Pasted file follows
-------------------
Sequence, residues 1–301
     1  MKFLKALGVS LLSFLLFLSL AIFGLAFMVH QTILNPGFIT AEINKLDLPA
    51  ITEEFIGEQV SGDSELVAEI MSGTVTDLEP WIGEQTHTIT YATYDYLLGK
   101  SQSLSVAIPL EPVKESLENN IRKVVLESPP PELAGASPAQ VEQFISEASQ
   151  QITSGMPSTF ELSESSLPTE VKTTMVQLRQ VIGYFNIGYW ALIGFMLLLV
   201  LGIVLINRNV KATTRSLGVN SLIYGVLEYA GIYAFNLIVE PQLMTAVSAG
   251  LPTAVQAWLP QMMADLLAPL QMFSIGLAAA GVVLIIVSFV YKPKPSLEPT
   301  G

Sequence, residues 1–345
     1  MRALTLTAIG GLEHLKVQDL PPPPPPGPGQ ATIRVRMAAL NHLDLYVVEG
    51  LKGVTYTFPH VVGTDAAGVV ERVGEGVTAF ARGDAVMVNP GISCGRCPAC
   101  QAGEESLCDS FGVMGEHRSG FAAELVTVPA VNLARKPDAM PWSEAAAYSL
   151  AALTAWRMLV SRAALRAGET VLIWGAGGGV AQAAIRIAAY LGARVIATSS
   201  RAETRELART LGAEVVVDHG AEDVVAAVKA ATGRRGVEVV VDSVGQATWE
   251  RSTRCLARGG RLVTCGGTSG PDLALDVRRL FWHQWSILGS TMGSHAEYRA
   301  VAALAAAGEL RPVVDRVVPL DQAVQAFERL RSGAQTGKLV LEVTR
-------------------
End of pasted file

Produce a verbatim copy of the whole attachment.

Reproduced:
Sequence, residues 1–301
     1  MKFLKALGVS LLSFLLFLSL AIFGLAFMVH QTILNPGFIT AEINKLDLPA
    51  ITEEFIGEQV SGDSELVAEI MSGTVTDLEP WIGEQTHTIT YATYDYLLGK
   101  SQSLSVAIPL EPVKESLENN IRKVVLESPP PELAGASPAQ VEQFISEASQ
   151  QITSGMPSTF ELSESSLPTE VKTTMVQLRQ VIGYFNIGYW ALIGFMLLLV
   201  LGIVLINRNV KATTRSLGVN SLIYGVLEYA GIYAFNLIVE PQLMTAVSAG
   251  LPTAVQAWLP QMMADLLAPL QMFSIGLAAA GVVLIIVSFV YKPKPSLEPT
   301  G

Sequence, residues 1–345
     1  MRALTLTAIG GLEHLKVQDL PPPPPPGPGQ ATIRVRMAAL NHLDLYVVEG
    51  LKGVTYTFPH VVGTDAAGVV ERVGEGVTAF ARGDAVMVNP GISCGRCPAC
   101  QAGEESLCDS FGVMGEHRSG FAAELVTVPA VNLARKPDAM PWSEAAAYSL
   151  AALTAWRMLV SRAALRAGET VLIWGAGGGV AQAAIRIAAY LGARVIATSS
   201  RAETRELART LGAEVVVDHG AEDVVAAVKA ATGRRGVEVV VDSVGQATWE
   251  RSTRCLARGG RLVTCGGTSG PDLALDVRRL FWHQWSILGS TMGSHAEYRA
   301  VAALAAAGEL RPVVDRVVPL DQAVQAFERL RSGAQTGKLV LEVTR